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Album Of The Week

Cloudy With A Chance Of Glowsticks: Kate NV’s WOW 
Skye Butchard , March 2nd, 2023 11:20

The latest collection of oddities from electronic-pop artist Ekaterina Shilonosova explore a deep inner world, writes Skye Butchard

Photo Credit: Jenia-Filatova

Ekaterina Shilonosova has two baskets. In one, the artist also known as Kate NV places her songs. They have structure, stable grooves, and readable lyrics. They’re grounded by tangible influences, like 16-bit games, Sailor Moon and the Russian and Japanese pop music of the 70s. When she released 2020’s Room for the Moon, this was the basket she pulled from. The result was an album that was as playful as many of her early experiments. Yes, it was still weird. But it was also closer to what you might call a traditional pop album. 

In her other basket, she places her ‘tracks’. These are freeform jams, made for tinkering with exciting new sounds, or an instrument she doesn’t quite know how to play. They take surprising shifts. There’s no stable vocal line. Instead, she chops up bits of her voice to see what it sounds like when paired with a busted old clarinet from the Broken Orchestra sample pack, the crash of spoons hitting the floor, or whatever else she can use from her toy box. 

These are the components that form WOW, an endlessly joyful collection of oddities that capture the thrill of play through sound. Much of the music was made before Room for the Moon. Some of it is much older than that – so old that even Shilonosova is unsure of how it came together.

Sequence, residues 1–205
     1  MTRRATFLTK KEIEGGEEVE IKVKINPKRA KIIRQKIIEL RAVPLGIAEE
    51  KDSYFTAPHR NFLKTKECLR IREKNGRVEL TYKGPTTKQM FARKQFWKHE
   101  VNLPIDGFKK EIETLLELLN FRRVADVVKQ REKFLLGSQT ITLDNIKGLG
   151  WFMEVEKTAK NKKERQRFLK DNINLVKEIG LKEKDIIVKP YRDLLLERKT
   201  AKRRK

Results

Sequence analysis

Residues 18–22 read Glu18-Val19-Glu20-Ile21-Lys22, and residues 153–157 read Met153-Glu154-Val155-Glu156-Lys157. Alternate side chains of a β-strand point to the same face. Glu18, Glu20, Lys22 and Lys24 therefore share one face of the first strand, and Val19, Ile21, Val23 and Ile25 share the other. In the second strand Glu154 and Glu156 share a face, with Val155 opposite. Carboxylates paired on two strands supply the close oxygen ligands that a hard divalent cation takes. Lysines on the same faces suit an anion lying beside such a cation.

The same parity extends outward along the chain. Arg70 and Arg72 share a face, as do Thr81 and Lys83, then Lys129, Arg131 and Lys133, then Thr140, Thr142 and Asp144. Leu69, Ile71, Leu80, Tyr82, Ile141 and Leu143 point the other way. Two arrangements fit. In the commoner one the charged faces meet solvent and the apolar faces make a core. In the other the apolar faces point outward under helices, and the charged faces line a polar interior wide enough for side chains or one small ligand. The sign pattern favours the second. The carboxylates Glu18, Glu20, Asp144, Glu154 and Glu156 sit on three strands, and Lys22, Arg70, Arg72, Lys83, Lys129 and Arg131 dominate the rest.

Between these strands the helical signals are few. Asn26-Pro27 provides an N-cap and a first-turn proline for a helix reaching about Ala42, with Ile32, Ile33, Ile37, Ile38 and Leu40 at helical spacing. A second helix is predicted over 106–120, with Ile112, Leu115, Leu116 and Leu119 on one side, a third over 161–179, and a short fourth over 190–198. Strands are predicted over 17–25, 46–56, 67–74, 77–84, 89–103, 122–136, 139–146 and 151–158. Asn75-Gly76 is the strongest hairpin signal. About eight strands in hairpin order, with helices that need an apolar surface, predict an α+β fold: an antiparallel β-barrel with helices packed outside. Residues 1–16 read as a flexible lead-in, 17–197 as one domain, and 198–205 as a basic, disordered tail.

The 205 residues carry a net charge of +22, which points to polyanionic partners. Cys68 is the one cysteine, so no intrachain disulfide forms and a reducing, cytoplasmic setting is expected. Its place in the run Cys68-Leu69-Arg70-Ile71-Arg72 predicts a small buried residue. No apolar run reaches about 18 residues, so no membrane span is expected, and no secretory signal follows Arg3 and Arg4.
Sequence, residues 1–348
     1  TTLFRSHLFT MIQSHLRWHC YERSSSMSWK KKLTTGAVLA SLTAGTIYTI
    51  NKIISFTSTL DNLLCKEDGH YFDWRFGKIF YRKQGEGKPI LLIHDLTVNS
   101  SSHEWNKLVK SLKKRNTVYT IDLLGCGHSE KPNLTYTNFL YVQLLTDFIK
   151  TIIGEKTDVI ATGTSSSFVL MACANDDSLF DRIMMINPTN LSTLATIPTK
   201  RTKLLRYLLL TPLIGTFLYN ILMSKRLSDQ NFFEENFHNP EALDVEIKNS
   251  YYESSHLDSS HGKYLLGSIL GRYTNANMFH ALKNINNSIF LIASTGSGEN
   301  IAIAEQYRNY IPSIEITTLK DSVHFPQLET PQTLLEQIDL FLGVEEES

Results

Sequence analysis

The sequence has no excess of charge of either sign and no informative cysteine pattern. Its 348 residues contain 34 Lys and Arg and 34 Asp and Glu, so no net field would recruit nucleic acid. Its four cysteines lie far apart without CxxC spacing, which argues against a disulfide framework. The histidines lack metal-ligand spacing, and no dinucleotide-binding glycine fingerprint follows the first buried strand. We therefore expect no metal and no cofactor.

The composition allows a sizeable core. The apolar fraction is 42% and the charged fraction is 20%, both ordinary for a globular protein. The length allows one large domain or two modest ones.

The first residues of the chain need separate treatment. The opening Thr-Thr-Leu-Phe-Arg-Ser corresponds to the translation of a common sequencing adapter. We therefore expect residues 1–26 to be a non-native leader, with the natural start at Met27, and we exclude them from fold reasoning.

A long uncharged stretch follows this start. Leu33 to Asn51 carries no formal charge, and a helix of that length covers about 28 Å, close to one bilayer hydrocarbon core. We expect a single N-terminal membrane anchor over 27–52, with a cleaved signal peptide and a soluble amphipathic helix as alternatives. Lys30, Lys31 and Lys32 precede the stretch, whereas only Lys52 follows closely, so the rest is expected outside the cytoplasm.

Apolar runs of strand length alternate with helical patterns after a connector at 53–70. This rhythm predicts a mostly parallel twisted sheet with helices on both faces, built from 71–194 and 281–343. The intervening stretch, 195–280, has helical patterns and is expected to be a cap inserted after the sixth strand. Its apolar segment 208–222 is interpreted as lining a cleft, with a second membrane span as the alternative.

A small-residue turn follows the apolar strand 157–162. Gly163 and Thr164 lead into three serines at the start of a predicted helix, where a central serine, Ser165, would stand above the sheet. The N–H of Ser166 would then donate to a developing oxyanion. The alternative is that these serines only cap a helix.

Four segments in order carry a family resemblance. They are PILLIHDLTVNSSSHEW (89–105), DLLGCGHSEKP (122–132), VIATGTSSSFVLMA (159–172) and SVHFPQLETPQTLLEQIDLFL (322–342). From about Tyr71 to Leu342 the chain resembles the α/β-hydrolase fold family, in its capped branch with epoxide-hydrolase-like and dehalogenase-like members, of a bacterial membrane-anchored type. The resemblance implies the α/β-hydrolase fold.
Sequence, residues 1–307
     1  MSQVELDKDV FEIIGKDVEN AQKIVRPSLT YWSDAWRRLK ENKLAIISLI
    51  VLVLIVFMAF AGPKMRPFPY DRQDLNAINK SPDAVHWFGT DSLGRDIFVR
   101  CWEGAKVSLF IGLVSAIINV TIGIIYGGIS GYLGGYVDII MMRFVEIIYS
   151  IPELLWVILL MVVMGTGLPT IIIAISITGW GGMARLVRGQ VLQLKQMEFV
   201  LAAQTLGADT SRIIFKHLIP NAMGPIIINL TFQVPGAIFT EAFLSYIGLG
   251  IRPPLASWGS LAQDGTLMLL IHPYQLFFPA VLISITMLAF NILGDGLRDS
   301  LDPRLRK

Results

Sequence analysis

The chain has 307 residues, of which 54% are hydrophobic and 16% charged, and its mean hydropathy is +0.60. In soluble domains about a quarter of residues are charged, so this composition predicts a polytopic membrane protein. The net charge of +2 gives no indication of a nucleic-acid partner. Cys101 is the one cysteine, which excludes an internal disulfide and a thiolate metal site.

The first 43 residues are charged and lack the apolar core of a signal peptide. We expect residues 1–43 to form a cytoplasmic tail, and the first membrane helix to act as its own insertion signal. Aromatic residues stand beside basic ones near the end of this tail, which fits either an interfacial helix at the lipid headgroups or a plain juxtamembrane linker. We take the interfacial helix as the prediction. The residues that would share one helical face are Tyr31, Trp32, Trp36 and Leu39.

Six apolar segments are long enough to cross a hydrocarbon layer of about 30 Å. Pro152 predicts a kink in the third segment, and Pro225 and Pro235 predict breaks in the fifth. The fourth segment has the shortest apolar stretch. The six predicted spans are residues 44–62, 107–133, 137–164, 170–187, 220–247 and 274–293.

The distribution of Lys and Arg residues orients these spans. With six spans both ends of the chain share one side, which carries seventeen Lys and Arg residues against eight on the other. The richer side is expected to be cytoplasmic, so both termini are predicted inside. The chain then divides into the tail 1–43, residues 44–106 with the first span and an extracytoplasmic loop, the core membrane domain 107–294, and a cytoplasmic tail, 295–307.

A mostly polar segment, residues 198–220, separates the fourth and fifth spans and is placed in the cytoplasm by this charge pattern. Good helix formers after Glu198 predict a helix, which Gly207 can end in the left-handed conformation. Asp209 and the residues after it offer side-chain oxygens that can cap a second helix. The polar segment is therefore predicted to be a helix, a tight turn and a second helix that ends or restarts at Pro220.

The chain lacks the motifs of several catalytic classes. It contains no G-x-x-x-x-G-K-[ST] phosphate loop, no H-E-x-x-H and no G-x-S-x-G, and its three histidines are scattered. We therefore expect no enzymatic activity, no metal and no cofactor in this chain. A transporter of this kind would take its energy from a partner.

At times, it feels like you can hear Shilonosova figuring out where to go in real time, like when she scrambles the pitch of her synth on opener ‘oni (they)’ after a few seconds of letting it ride. This adventurous spirit is what makes her so exciting within bands like ГШ and the more recent collaboration Decisive Pink, with Deradoorian. Here, in a solo capacity, the subtle focus on self-discovery creates an intimate and enveloping mood, even with the busy presentation. We’re there with her, discovering.

The opener is an apt taster. We begin with a gleeful chant that feels somewhere between meditation and nursery rhyme. New age marimbas pop in and out of focus. Then, all the instruments start spilling out at once: detuned synth scribbles, bouncy kick drums, and a slap-bass that’s so slappy that it’s almost a tom. The track unravels like each element has been tired out from too much running around at break time.

For all its structural experimentation, WOW has a warmth and comfort that makes it instantly appealing. Like the birds on the front cover, its musical parts are innocent, drawn in bright primary colours. The nostalgic glow of retro games is an obvious touchpoint. The garbled synth sounds of ‘confessions at the dinner table’ and ‘slon (elephant)’ bring to mind the cute chatter of Animal Crossing characters as they mooch around a cartoon utopia. Simple earworm melodies sing out over syncopated percussion and a menagerie of noises that aren’t afraid to get a little goofy.